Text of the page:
And since I live in Portland, I can say we are not depressed, economically or otherwise! Not that I know of anyways.

It is a pretty cool and sometimes weird place to live. Some people here are weird, I think. Yet, we think the rest of the country is abnormal because most of of it has to pump its own gas. We can't imagine why you would want to do that. We also pay no sales tax, so that is a good thing. It is not a cheap housing market by any means, but compared to CA or even Seattle it is reasonable. I wouldn't say the drizzle is romantic every day of winter, but from time to time it can be that way. I would like a bit more sun, but it could be worse. We have pretty tolerable weather most of the year. We are pretty happy to be living here all around!

I have enjoyed perusing your blog and have surprisingly found lots of ways to waste time! Great! Thanks! It was quite fun!

PS. I don't hate GP (different post!), but I do hate that she is perfect. It is not fair.


Eliza said...

I hope you have Powell's on your list... and an afternoon to spend perusing the shelves. The Pearl and Hawthorne are pretty awesome but so is Broadway from I-5 east (on the east side of the river).

And if you are into cupcakes... try Cupcake Jones in the Pearl on 12th and Couch (I think?) it's decadence in a little cake (they come in two sizes!!!).

Uh, yeah, I love Portland too....

Leah said...

Will do.

Thanks, Eliza!


Anonymous said...

I LOVE Portland. I was fortunate enough to live there for 7 years before needing (and wanting ) to take care of the folks back east. It is everything you've written AND more.

(I've lived in over a dozen states; a couple of foreign countries, and travelled to 4 continents, so far. Portland is my favorite place on earth.)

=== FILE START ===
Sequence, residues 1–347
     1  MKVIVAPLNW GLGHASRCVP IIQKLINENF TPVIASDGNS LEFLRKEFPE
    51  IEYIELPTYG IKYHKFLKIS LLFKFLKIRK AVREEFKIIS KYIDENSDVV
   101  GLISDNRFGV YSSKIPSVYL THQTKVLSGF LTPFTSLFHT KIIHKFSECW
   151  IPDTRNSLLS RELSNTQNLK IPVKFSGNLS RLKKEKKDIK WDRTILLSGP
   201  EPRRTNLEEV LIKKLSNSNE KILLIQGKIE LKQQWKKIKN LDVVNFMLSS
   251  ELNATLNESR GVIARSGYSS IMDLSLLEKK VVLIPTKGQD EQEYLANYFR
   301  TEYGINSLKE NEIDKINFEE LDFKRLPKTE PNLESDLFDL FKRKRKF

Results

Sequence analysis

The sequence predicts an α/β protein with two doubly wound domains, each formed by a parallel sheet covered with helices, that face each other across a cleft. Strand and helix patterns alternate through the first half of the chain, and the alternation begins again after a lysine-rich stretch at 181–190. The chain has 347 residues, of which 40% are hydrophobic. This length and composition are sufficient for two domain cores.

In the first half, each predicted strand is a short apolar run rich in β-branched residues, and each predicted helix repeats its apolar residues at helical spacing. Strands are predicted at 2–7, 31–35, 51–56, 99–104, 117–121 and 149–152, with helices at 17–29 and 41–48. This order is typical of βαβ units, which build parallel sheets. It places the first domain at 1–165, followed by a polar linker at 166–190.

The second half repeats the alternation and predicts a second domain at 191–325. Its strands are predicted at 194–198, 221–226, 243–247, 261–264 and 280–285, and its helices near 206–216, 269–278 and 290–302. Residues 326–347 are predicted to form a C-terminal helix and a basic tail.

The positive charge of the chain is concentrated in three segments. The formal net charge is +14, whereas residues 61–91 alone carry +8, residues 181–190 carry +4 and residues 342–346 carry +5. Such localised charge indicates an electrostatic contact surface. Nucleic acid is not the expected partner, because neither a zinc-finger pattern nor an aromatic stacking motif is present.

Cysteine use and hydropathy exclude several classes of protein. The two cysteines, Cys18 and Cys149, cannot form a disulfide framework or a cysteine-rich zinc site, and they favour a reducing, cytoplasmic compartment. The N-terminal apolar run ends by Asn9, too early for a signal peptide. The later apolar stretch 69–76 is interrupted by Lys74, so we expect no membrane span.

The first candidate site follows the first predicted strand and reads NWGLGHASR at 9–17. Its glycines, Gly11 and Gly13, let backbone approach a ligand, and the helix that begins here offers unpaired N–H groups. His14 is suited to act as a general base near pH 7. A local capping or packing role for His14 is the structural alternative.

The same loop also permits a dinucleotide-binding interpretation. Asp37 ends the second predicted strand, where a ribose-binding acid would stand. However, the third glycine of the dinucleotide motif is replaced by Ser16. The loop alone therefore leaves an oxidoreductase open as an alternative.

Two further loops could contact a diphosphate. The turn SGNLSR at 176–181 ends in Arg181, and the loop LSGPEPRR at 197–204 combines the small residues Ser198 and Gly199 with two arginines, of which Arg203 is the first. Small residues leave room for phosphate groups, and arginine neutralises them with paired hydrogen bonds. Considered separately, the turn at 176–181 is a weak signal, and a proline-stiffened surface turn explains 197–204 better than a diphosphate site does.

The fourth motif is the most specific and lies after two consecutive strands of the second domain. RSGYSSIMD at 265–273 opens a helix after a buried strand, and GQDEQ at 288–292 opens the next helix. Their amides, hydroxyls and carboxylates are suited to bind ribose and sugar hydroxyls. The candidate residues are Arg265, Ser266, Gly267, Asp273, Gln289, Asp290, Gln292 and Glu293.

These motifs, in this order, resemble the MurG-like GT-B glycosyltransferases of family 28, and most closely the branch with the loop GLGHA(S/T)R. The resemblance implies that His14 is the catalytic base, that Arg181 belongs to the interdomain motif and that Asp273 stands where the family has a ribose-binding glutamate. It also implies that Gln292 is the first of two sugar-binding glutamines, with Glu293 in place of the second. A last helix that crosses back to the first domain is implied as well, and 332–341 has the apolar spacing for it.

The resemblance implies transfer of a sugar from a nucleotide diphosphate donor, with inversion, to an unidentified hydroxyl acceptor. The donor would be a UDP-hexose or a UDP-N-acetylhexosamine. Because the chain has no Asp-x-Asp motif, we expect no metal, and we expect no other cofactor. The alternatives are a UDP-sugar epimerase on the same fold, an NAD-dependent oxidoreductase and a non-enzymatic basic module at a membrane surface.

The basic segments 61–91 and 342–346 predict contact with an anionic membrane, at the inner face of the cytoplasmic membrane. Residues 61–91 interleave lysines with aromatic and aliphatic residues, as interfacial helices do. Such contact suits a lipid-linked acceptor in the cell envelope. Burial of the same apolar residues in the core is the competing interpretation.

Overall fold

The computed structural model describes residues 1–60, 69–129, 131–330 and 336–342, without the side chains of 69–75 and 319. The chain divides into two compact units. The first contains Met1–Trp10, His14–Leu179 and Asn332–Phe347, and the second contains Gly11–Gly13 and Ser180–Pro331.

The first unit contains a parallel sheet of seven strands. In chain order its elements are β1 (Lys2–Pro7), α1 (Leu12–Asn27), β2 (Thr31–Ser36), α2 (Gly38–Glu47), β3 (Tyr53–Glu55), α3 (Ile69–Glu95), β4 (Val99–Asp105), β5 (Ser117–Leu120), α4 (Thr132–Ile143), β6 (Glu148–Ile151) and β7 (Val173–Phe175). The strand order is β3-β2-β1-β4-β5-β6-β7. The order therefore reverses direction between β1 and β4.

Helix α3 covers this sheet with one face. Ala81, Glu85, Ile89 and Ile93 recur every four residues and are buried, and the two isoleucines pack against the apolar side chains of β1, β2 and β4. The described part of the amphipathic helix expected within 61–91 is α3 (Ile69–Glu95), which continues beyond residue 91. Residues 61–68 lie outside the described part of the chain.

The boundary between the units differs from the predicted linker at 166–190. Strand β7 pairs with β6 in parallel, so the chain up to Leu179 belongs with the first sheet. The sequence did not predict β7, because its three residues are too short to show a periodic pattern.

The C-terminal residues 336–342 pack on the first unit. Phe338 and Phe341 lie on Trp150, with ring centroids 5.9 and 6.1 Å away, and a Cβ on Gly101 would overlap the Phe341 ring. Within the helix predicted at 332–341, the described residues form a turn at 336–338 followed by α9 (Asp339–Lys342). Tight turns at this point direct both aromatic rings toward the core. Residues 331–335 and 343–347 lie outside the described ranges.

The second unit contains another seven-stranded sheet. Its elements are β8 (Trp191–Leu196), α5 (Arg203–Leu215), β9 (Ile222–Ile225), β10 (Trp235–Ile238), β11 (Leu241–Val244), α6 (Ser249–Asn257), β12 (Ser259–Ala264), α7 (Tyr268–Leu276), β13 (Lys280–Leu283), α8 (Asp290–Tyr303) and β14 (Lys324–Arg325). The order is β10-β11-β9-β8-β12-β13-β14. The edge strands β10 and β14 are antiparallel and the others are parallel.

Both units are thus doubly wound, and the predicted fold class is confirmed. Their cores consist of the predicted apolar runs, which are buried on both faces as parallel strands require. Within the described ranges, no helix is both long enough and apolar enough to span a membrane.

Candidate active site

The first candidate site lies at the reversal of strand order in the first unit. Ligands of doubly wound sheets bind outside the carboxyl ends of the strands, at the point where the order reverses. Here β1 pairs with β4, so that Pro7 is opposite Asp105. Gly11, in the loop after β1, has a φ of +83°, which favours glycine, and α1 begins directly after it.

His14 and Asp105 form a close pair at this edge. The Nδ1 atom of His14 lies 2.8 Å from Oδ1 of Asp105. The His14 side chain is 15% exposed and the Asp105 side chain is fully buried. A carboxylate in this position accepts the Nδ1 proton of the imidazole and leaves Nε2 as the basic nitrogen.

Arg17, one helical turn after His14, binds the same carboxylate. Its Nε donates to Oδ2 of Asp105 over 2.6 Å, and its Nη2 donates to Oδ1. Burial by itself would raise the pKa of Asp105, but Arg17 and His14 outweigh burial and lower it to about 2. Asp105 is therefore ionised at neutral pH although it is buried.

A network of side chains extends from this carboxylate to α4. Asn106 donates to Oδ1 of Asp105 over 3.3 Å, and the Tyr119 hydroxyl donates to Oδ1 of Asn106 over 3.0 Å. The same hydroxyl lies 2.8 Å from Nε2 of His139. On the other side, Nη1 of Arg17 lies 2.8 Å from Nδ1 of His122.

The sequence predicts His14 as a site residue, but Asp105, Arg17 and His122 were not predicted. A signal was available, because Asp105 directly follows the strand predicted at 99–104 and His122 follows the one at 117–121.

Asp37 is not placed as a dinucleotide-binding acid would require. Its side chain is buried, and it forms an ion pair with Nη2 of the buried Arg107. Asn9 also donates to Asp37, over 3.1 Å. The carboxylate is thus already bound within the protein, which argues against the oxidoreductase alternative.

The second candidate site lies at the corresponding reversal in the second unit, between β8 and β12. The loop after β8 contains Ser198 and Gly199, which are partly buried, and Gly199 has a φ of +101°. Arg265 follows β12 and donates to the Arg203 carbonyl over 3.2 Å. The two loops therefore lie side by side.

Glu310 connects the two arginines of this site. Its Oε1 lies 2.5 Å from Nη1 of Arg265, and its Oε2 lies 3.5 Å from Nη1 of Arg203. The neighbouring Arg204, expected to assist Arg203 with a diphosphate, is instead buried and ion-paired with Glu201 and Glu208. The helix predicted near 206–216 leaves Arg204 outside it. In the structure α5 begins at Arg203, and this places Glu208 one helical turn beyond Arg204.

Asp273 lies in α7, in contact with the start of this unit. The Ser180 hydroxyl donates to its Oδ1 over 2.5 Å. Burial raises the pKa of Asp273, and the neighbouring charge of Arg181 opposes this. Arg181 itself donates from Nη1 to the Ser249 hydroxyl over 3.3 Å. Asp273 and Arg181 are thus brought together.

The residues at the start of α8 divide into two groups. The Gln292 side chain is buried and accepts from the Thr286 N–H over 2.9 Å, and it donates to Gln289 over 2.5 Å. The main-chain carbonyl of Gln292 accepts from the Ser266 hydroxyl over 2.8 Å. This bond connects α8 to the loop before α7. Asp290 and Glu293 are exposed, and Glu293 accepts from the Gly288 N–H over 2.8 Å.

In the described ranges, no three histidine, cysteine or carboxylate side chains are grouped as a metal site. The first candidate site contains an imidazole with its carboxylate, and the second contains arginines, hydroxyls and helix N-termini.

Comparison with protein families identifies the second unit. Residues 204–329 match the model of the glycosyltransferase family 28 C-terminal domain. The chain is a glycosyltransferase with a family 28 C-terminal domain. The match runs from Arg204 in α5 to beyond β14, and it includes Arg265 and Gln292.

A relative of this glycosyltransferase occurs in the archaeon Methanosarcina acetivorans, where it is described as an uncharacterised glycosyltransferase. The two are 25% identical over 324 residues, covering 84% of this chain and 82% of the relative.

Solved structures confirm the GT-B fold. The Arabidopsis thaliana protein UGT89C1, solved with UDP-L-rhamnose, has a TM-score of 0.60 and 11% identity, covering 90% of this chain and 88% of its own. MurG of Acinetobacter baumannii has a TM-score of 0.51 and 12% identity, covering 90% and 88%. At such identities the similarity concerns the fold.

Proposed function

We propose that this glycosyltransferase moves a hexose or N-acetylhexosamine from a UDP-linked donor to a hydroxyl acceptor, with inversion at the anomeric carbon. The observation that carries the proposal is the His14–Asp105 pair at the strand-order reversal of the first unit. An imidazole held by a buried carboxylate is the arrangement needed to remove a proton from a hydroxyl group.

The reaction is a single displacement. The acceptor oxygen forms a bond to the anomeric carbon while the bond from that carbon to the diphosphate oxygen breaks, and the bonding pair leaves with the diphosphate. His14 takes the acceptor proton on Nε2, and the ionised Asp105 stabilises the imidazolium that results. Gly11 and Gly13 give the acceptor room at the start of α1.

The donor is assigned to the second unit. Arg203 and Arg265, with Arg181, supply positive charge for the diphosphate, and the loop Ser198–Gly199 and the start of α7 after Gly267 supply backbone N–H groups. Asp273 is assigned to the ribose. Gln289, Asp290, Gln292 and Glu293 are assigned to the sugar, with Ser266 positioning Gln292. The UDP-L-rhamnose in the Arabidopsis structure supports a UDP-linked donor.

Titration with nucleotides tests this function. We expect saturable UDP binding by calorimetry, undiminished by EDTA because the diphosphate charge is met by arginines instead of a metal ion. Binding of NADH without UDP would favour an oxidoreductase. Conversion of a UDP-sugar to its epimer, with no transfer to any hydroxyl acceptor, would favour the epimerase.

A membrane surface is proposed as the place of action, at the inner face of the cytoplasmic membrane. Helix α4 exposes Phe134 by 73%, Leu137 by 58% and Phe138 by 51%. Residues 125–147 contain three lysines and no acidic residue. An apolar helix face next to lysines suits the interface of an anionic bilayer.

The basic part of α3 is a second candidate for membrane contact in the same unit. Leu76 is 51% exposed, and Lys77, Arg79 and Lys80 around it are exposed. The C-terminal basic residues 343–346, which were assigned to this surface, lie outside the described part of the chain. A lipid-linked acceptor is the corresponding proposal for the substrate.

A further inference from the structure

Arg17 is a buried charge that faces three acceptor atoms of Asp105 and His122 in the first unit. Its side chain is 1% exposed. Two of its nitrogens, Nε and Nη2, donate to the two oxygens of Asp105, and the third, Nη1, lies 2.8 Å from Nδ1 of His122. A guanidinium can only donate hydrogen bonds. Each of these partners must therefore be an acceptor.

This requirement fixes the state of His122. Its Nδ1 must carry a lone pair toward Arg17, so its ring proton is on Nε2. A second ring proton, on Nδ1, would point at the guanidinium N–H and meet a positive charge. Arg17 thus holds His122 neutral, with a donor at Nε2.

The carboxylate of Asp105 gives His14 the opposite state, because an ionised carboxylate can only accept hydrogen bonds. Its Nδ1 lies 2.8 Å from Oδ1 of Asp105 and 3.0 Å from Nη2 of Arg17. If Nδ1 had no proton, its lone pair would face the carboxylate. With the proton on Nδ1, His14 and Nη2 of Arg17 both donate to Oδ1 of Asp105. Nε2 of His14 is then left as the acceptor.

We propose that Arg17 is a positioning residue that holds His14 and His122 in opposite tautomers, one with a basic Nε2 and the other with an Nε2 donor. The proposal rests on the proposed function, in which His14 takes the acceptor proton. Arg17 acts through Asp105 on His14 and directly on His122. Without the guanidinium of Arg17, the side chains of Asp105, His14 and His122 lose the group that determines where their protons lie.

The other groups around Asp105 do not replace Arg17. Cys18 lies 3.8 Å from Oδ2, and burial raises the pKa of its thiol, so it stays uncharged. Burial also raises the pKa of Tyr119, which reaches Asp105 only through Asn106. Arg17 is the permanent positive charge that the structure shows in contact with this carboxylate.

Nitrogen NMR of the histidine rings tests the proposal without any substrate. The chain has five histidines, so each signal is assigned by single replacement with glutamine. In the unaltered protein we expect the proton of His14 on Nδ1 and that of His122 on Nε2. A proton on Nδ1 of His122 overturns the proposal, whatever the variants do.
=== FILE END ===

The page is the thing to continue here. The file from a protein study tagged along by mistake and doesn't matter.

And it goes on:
Anonymous said...


I just read your blog on Portland Oregon. I have grown up about 2 hours south in Eugene all of my life and still love to go to Portland for new and exciting adventures. I recently stayed at the Ace hotel with 3 other friends and it was nice, especially the little coffee shop down below. One of the best lattes I have ever gotten. Anyway, although the Ace was nice, I am a huge fan of the McMennamin Bros. I love all of their hotels and they really have managed to create their own "brand." McMennamins The Crystal Ballroom is a wonderful place to go for a night out. It's weird and cheap and gets very busy on Saturday night. The staff has always been fantastic there. If you get a chance come to Eugene too!


Anonymous said...

Also check out Corvallis if you're thinking of relocating.

I am an OSU alum and the city has really came into its' "own" over the past few years. It's much smaller, not as much for the traveler, but gorgeous and some great places to eat. I have always planned on moving back there. If you are traveling by car, may I suggest getting on HWY 99 and following it either north or south. You will see much more of the state. I-5 doesn't do much justice.

But being away from Corvallis now, sometimes I just drive up there to go to some of my old favorite spots. Nearly Normals Gonzo Cuisine, New
Morning Bakery, etc. Also while you're in Eugene, you HAVE to go to Sweet Life! I love everything there, you can access their website: It's a little local secret. Also, Bepe and Gianni's Trattoria is a fantastic restaurant near campus!

I am sure that most people have also told you that you will probably get rained on... June is a great time to come. But if you don't mind the rain, come on up!


Anonymous said...

I transplanted to Portland from LA ten years ago and absolutely love it. It is a great city to eat in, raise kids and enjoy a quality of life. The Pearl District does offer many art galleries and cool restaurants, but there are other areas the locals enjoy such as the Alberta district and Sellwood. What makes Portland charming is the people, they are genuinely nice here! (Even if you are from California) Must eats: Voodoo donuts with a Stumptown Coffee shop a block away, Saburo Sushi (must arrive 1/2 hr before opening), Salty's Sunday brunch on the Columbia river (make reservations)and Queen of Sheba for great Ethiopian food.